Packers Trip to Winnipeg One of Many Unusual Preseason Sites for Franchise

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The Green Bay Packers will travel to Winnipeg, Manitoba, this week to face the Oakland Raiders in a preseason game on Thursday night. This is not the Pack’s first trip to Canada for a preseason game nor is it the most unusual place they’ve played an exhibition game. In fact, until midway through Vince Lombardi’s tenure, playing preseason games in neutral and unusual locations was quite typical for the franchise.

The Packers first trip to Canada for a preseason game took place on August 16, 1997, when the defending Super Bowl champion Packers faced the Buffalo Bills in Toronto. The Packers improved to 4-0 on the preseason with an easy 35-3 thrashing of the Bills before 53,896 fans in what was billed as part of the America Bowl series.

Brett Favre threw two touchdown passes to Antonio Freeman to pace the Packers offense while Doug Pederson added a touchdown toss to Derrick Mayes in the second half. Dorsey Levens and Aaron Hayden ran for scores as the Packers breezed past the Bills.

The longest distance the Pack ever travelled for a preseason game came in 1998 when more than 42,000 fans saw Green Bay edge the Kansas City Chiefs 27-24 in Tokyo, Japan. The Pack won in overtime on a 27-yard field goal by Ryan Longwell. It was a mistake-filled contest for the Packers who committed three turnovers and missed two field goals. Favre made a cameo appearance, going 1-for-5 for just two yards before giving way to Doug Pederson, Matt Hasselbeck and David Klingler.

Travis Jervey paced the rushing attack with 72 yards on just five carries. Wide receiver Bill Schroeder had a big game, catching seven catches for 155 yards and a second quarter touchdown from Pederson.

This was the Pack’s first preseason overtime win after going 0-4-1 in their previous extra sessions.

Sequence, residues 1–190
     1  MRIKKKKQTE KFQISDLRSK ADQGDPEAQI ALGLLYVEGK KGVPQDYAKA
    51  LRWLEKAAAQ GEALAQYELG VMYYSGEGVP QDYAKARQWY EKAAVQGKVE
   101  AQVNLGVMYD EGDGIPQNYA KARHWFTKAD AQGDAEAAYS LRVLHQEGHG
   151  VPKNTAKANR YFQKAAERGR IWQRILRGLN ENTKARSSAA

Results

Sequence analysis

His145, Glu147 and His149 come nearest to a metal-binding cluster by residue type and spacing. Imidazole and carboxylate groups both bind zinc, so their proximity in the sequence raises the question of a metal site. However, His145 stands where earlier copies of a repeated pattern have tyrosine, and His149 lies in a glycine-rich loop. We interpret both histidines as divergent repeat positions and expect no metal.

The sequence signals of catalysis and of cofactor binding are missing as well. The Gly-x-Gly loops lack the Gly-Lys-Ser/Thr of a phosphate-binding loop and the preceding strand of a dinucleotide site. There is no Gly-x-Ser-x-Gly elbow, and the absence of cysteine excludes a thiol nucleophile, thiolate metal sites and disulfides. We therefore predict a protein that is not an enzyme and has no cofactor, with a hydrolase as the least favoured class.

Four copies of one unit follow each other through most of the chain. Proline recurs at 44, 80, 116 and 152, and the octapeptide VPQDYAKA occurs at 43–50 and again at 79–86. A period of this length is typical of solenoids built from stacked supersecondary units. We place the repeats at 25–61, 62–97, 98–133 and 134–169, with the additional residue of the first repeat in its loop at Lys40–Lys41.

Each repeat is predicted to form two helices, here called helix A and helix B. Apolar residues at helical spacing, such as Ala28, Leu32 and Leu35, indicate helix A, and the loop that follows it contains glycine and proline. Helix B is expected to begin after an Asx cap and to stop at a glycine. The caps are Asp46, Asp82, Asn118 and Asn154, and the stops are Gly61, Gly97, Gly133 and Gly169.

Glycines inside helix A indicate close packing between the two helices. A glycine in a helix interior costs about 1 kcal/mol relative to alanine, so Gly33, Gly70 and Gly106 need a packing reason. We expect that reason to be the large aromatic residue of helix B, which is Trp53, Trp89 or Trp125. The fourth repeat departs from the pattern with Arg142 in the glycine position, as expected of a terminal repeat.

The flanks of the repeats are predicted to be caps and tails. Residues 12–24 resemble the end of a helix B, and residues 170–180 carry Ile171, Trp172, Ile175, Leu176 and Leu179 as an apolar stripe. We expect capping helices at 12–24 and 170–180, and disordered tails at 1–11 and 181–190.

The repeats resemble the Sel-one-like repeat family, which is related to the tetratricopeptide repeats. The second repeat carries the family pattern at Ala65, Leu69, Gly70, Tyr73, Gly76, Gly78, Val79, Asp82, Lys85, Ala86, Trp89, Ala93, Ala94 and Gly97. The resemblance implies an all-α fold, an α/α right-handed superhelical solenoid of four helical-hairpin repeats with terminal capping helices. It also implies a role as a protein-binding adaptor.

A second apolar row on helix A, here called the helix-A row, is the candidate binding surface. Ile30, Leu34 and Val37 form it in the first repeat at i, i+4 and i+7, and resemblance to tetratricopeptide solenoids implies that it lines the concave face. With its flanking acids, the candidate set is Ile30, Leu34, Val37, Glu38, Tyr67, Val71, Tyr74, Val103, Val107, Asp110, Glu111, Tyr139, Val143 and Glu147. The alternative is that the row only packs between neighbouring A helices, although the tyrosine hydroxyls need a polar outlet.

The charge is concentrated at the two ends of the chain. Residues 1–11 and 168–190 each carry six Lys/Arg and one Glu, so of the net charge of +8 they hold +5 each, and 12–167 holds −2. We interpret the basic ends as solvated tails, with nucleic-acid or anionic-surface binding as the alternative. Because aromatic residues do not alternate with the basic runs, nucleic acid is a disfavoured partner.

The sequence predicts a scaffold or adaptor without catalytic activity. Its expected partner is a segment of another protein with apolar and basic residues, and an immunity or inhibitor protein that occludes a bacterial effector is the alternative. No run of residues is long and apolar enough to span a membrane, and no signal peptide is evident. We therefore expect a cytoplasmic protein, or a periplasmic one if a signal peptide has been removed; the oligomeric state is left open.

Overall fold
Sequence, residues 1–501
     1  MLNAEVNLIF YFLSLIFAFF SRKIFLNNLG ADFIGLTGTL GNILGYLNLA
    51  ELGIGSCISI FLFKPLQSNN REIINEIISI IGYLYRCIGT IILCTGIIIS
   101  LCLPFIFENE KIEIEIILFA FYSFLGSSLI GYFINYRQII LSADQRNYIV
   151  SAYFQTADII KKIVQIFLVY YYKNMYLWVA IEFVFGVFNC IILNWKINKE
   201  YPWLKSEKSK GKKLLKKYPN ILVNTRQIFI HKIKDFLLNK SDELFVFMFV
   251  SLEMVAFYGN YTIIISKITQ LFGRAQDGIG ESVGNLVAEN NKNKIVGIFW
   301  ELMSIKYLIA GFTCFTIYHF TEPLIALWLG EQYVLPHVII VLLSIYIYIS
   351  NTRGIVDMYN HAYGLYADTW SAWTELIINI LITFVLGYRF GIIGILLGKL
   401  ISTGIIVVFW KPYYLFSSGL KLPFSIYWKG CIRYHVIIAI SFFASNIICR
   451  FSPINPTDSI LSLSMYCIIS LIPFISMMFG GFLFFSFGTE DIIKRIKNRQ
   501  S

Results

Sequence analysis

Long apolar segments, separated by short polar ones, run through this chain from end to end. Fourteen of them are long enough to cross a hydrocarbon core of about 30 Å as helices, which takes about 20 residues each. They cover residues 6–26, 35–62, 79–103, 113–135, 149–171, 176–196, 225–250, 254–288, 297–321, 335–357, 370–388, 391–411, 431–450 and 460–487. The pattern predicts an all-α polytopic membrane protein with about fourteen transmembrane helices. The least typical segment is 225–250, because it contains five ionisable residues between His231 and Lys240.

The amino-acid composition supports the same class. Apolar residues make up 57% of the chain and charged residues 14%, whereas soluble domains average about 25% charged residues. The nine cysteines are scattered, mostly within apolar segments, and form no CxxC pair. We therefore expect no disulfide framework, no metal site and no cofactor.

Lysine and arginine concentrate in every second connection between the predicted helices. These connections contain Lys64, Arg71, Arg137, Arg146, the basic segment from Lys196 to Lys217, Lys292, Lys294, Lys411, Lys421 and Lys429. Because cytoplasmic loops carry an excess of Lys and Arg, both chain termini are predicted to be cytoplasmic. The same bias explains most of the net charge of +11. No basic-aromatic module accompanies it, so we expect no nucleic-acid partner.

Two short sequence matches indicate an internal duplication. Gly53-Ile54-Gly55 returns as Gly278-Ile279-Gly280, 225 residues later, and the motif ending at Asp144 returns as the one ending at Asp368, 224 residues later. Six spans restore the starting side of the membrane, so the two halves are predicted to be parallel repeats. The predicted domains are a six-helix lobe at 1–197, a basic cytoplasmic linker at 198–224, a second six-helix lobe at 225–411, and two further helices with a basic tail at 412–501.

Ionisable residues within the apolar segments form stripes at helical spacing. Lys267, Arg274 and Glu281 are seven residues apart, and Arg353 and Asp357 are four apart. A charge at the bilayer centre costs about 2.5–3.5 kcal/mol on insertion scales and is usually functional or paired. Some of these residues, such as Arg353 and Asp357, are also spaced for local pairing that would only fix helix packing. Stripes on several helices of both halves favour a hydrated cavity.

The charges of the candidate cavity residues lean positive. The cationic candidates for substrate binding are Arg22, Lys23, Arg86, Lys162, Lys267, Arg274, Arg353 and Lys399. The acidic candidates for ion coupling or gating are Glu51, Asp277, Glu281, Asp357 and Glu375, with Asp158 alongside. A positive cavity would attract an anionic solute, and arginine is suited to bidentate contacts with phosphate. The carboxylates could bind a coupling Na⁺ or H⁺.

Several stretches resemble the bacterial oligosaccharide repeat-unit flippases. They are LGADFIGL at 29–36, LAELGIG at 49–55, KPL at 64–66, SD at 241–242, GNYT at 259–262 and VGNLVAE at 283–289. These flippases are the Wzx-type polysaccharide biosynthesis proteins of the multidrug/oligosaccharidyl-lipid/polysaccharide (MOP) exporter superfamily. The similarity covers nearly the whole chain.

The Packers used to travel to non-NFL cities annually for preseason games until the mid-1960s. In 1959, Lombardi’s first year as coach, the Pack played six preseason games, one in Milwaukee, one in San Francisco and four at neutral sites. First the Packers crushed the Eagles 45-28 in Portland, Oregon. A week later, it was off to Bangor, Maine, to face the Giants, followed by a game in Winston-Salem, North Carolina, against the Redskins and then a game against the Steelers in Minneapolis (before the Vikings came into existence).

Attendance at these games was not typically large (usually around 20,000), but it helped grow the game in cities that didn’t have a team. Some of these cities eventually received franchises like Minneapolis, Miami and Buffalo.

The Packers also played in some smaller, more obscure cities. In 1945, the Packers beat the Steelers 38-12 before 14,521 fans in Hersey, Pennsylvania. Four years later, the Pack beat the New York Bulldogs 7-3 in Rock Island, Illinois.

Other games in the were played in Latrobe, Pennsylvania; Akron, Ohio; Charleston, West Virginia; and Jersey City, New Jersey.

The tradition stopped after the 1964 preseason. The Pack opened their schedule with a 20-7 loss to the St. Louis Cardinals in New Orleans before 63,000 fans. Bart Starr’s second quarter touchdown pass to Ron Kramer gave Green Bay a 7-6 lead but they couldn’t hold it. This contest marked the first game action for halfback Paul Hornung after “The Golden Boy” sat out the 1963 season after being suspended for gambling.

After that, the Pack settled down to playing preseason home games in Green Bay and Milwaukee including the annual Bishop’s Charity Game and the Midwest Shrine Game. The Packers played one home exhibition game in Madison from 1986-1995 and again in 1997 before that tradition ended.

Overall, while the trip to Winnipeg is a new location for a Packers preseason game, it is a part of a long tradition that goes back to the early days of the franchise.

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